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The Hat by Jan Brett

The Hat (1997)

by Jan Brett

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When Lisa's woolen stocking flies off the clothesline, Hedgie finds it and pokes his nose in. He tries to pull it out, but the stocking gets stuck on his prickles -- and the fun begins.A mother hen comes by, then a noisy goose, a talkative barn cat, a playful farm dog, a mama pig and her piglets, and a pony. They all laugh at Hedgie, especially when he pretends he's wearing a new hat. But in the end, it is clever Hedgie who has the last laugh.And where is Lisa when all of this is going on? She's in the borders, getting ready for winter, until she realizes her stocking is missing and she enters the story to look for it.Jan Brett's luminous paintings of a Scandinavian farm and the forest around it are bathed in northern light, as the snow begins to fall and the story begins, in this delightfully original companion book to The Mitten.
  wichitafriendsschool | Mar 25, 2016 |
Genre: Fantasy
Medium: Airbrush
This book is about a Hedgehog that uses a little girls sock as a hat, after it falls off the line. As the hedgehog passes by all of his animal friends, they make fun of him for wearing such a willing thing on his head. But each time, the hedgehog has a reason for why he is wearing it, and doesn't let the teasing effect him. Finally the little girl finds the sock on his head, and takes it back. But then all of the other animals had stolen the rest of the clothes of the line, because they wanted to be like the hedgehog. The illustrations in this book were very detailed, and each page had a picture on the side foreshadowing the next event, along with a picture of what the little girl was up to while the hedgehog was out with her sock. Have the pictures that were foreshadowing, could lead to good conversation about the book. Also, I liked the meaning behind the story, and I think it could be used to explain to kids that you should be confident in what you are wearing, or what you like doing, and that just because someone makes fun of you, doesn't mean it isn't awesome. In fact, it probably means they want to be more like you.
  sophiadale | Feb 8, 2016 |
I loved the book! I really enjoyed Brett's details of the hedgehog's battle with the hat. This could be used for a discussion with early elementary students on winter's approach and how to dress appropriately during the winter season. ( )
  JillStephens | Feb 3, 2016 |
This is a wonderful book for young children who will be amused by the story of animals wearing clothes as hats.
This book is a good example of fantasy because it has animals that talk and try to wear clothes like humans do.
Genre is fantasy.
  rwild13 | Jan 30, 2016 |
This fantasy picture book narrate a story between a girl and some animals in the farm. Hedgie gets a stocking in one day, which is from a girl called Lisa. Hedgie uses this stocking as his hat and shows to everyone in the farm that every animal are going to get clothes from Lisa's Home. The pictures in this book are pretty and colorful, and also tells children never laugh at anyone else and animals not usually wear clothes. ( )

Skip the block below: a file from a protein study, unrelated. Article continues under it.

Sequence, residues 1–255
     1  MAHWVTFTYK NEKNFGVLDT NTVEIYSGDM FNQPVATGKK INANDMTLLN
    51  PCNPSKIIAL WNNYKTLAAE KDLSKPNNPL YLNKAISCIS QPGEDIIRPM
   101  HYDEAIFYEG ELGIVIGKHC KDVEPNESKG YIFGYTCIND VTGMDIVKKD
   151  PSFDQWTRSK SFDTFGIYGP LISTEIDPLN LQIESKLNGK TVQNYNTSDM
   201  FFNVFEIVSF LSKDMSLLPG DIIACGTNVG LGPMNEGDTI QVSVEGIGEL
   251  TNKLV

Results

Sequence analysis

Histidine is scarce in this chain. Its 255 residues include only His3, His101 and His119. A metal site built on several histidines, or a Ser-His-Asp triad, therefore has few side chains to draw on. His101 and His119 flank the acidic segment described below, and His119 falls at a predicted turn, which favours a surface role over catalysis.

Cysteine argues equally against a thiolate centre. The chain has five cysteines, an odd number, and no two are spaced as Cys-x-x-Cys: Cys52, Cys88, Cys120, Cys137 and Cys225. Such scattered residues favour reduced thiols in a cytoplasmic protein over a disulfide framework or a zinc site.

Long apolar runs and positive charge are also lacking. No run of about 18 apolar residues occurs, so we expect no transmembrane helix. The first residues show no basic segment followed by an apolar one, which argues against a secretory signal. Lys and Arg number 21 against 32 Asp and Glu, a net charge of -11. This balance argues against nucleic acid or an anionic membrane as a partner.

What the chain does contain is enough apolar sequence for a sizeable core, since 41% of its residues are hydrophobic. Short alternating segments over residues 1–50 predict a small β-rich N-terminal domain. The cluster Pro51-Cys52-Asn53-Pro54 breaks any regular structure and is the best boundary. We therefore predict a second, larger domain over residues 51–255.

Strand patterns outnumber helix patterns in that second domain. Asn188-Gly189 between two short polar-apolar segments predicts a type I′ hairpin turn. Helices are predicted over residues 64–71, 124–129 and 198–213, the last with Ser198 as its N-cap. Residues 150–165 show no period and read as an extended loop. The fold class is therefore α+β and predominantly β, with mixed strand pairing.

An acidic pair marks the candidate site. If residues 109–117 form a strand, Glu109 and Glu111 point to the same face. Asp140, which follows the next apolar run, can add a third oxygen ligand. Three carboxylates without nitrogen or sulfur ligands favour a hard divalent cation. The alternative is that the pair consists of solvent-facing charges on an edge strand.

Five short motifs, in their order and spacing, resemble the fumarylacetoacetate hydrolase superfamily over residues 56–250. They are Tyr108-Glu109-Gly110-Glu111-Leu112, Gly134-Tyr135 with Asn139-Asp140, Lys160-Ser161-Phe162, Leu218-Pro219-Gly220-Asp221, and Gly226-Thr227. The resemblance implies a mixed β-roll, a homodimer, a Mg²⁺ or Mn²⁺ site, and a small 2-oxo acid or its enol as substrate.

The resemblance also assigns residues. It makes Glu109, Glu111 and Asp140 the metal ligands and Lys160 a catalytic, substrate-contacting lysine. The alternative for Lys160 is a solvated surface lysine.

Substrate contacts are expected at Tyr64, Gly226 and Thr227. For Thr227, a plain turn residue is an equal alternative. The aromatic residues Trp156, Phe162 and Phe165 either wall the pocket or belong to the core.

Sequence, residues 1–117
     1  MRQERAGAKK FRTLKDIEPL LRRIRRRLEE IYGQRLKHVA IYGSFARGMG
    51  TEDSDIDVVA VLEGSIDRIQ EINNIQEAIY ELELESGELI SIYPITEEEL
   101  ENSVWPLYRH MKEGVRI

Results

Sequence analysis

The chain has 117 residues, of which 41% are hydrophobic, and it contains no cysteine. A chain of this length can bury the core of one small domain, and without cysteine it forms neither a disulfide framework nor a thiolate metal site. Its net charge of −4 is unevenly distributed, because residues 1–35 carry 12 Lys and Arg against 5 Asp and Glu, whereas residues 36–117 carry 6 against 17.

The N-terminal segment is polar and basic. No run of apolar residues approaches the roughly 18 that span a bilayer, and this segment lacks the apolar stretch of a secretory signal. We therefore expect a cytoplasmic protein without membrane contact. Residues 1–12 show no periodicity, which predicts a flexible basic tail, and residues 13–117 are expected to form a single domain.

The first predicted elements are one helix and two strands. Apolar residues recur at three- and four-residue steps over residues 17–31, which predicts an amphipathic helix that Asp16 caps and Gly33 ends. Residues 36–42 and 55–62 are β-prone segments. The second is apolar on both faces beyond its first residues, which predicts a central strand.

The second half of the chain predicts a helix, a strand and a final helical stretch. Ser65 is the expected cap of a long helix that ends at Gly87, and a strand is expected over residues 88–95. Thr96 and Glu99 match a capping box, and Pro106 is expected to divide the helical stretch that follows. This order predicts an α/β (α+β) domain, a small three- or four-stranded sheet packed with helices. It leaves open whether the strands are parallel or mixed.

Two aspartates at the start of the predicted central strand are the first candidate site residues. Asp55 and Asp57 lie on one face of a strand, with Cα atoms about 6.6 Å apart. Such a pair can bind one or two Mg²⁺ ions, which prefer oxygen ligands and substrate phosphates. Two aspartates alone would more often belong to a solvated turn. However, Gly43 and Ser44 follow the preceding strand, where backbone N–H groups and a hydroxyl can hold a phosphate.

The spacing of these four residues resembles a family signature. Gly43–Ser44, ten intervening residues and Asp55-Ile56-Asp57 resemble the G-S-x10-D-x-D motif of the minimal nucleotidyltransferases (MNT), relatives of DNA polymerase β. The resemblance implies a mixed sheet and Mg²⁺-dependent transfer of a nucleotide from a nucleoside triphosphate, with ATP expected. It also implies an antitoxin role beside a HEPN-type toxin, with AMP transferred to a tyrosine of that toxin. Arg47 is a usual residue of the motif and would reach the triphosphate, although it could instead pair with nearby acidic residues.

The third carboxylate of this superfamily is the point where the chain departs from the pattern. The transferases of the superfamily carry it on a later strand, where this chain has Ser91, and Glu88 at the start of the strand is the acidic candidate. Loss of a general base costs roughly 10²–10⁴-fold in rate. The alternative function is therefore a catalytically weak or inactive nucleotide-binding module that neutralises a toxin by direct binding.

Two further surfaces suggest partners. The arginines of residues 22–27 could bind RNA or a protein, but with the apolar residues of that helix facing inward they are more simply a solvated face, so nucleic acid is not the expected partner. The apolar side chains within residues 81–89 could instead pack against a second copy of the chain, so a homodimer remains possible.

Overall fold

QianqiongWang | Jan 22, 2016 |
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For Sara and Joshua Carty
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Winter was on the way.
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Amazon.com Amazon.com Review (ISBN 0399231013, Hardcover)

Hedgie the hedgehog discovers the wisdom of the adage, "Don't go poking your nose where it doesn't belong" only after curiosity gets this prickly fellow in a pickle. When Lisa's red and white woolen stocking blows off the clothesline, Hedgie finds it and sticks his nose inside, only to discover his prickles prevent him from pulling out of it. Soon all the farm animals are coming around to chuckle at silly Hedgie's stocking hat. But in the end, nimble-witted Hedgie gets the last laugh.

This magnificently illustrated companion book to artist (and hedgehog owner) Jan Brett's classic The Mitten was the winner of the prestigious 1998 Boston Globe-Horn Book Award. Young readers can spend hours with this one short book, poring over the pleasing, spirited details of Brett's trademark picture borders. Throughout, Lisa can be seen in these artful frames, making preparations for the cold Scandinavian winter, never realizing that her clothesline is becoming more line than clothes. If it were possible to wrap oneself up in these warm, cozy illustrations, readers would be set for the winter. (Ages 4 to 8) --Emilie Coulter

(retrieved from Amazon Thu, 12 Mar 2015 18:10:15 -0400)

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When Lisa hangs her woolen clothes in the sun to air them out for winter, the hedgehog, to the amusement of the other animals, ends up wearing a stocking on his head.

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